Our first visit to Smith’s Country Cheese in Winchendon, Massachusetts was on a blustery, but sunny, November morning. They had received a light dusting of snow the night before that still survived on the shaded sides of hills, refusing to give in to the sunlight. We rolled up with the truck and trailer, parked, and went to find Dave.
As the owner of one of the largest independent cheese producers in New England, Dave Smith is a busy man. There is always more milk to culture, more orders to fill, and more special projects to work on than there are hours in the day. But when we found him that morning he didn’t make us feel rushed, that we were taking time away from him that he needed to spend elsewhere. He took the time personally to show us around the shop and the property, pointing out some of passion projects, showing where the cheese made and the cows were milked, and talking excitedly about the stone we would take and turn into beautiful Food Slabs.
While walking through the property on our tour, we were lucky enough to see the miracle of birth in all its slimy, amniotic, glory. There were a number of cows that were pregnant and sequestered as their birthing time was nigh. Though we didn’t see the calf actually being born, we could tell that it had been within the moments before our arrival as it was still dripping with bodily fluids and had yet to be covered with the heating blanket the farmers use to fight the harsh conditions and allow the infant to thrive. It was still laying there, shuddering from the cold, discovering the world for the first time. It looked right at us, clearly confused about what sort of entity we were, but also probably hoping we were there to clean and warm it.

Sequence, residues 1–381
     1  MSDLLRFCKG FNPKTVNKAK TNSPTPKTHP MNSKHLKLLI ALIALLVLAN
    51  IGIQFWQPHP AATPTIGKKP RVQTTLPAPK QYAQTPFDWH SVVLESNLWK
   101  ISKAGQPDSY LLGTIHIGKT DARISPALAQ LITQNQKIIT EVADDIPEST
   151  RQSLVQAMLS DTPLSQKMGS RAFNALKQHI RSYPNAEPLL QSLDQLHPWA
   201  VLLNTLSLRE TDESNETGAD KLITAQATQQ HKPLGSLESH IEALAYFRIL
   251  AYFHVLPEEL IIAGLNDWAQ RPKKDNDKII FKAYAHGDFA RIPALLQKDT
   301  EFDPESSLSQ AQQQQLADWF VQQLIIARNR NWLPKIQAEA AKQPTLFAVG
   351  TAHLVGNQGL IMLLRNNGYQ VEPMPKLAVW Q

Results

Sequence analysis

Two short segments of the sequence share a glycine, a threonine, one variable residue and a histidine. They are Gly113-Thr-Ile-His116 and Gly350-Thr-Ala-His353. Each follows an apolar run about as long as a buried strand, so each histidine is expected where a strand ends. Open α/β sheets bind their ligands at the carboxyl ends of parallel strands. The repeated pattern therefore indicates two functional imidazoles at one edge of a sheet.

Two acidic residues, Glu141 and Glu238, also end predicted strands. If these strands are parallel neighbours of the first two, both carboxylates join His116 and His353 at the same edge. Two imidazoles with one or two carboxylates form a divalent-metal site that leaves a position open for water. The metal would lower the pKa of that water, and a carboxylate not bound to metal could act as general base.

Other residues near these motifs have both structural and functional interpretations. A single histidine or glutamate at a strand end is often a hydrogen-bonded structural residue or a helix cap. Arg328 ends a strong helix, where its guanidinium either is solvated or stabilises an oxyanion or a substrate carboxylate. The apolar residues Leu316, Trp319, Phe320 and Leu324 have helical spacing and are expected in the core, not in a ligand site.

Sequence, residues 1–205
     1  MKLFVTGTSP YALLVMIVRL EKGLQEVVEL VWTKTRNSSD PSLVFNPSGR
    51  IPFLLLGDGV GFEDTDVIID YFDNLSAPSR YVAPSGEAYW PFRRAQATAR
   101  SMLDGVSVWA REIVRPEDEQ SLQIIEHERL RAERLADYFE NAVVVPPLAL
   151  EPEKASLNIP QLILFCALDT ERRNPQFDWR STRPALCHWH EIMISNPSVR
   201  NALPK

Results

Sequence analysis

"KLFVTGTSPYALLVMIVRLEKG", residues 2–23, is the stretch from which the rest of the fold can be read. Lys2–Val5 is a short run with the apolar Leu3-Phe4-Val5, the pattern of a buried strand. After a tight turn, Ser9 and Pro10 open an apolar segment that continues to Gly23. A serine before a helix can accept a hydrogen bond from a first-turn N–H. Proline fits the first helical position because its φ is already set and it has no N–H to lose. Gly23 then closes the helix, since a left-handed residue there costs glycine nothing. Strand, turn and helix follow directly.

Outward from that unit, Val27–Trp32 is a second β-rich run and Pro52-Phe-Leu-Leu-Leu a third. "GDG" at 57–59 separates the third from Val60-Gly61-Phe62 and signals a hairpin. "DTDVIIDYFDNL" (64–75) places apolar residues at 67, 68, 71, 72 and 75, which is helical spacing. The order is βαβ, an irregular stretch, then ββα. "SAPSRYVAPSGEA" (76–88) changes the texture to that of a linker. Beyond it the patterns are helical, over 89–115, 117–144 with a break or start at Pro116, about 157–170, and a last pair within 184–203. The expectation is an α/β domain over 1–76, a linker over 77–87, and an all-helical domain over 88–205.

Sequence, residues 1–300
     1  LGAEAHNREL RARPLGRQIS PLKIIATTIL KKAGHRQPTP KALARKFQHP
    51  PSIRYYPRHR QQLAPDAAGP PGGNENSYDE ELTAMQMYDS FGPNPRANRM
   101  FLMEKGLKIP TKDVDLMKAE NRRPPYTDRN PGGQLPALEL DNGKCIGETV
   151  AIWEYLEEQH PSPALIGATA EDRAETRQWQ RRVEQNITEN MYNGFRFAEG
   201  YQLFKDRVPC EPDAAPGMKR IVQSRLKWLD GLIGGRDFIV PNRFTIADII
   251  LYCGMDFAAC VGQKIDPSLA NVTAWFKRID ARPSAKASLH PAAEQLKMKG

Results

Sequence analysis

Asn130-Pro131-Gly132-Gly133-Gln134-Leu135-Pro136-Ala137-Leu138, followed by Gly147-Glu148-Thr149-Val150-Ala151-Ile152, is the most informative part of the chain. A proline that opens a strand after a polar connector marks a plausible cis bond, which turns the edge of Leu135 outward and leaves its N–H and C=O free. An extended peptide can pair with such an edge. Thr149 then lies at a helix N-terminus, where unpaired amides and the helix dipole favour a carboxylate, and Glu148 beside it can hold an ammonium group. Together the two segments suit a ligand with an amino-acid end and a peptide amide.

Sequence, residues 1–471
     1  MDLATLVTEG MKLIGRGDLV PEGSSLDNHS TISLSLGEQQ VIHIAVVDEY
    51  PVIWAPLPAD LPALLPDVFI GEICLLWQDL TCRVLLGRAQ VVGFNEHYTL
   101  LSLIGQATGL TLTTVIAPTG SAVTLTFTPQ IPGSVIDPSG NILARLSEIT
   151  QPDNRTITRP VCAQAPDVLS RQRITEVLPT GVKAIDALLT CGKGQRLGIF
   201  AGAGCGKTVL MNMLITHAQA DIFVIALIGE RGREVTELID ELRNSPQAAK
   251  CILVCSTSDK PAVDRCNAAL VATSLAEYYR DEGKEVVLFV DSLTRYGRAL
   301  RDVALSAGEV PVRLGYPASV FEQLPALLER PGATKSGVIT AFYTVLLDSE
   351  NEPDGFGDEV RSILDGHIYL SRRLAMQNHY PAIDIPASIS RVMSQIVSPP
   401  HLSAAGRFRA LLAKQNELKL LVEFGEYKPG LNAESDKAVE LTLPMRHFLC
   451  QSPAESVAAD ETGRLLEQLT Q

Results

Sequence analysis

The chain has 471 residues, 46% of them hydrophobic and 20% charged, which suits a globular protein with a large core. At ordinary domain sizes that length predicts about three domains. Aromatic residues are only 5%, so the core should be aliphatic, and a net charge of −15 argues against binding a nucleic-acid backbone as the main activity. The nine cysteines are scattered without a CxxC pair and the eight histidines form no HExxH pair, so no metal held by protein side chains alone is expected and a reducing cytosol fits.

Now that the tour was finished it was time to get to the heavy lifting, to begin picking the lucky stones that would become Food Slabs. We picked half of the fieldstones from a side hill that was partially eroded and half from a stone wall that the cows had trampled to form a thoroughfare between fields, displacing the once well stacked wall and uncovering the well-protected stones that were less likely to have structurally damaging fissures. While hand-picking stones, the cows were all around us, huddling around the truck and trailer and eyeing us, trying to figure out what we were up to all the while clumsily tripping and stumbling over many of the stones we would select. We like to think that instead of plodding along and just trying to stay upright, they were actually trying to help us pick which stones would make the best Slabs, but I guess we’ll never know for sure.
Aside from their award-winning cheeses, Smith’s is also proud of their commitment to sustainability initiatives and reuse of waste products. They have installed 112 Photovoltaic panels on site and expect to reduce the amount of energy required from the normal power grid by upwards of 50%. They have also built two massive tent-like structures to recycle cow waste and produce a high quality fertilizer. Both of the tents are roughly the size of football fields!
While at Smith’s we also had the pleasure of sampling some of their delicious cheeses. Though they were all wonderful, we especially loved the Smoked Gouda. (And we aren’t alone, at the L.A. International Dairy Competition, yes, International, the Smoked Gouda received the silver medal!) Check out some of their cheese at a number of New England farm stands, grocery stores, and other specialty retail establishments or order it online.
20 Otter River Road
Winchendon, MA 01475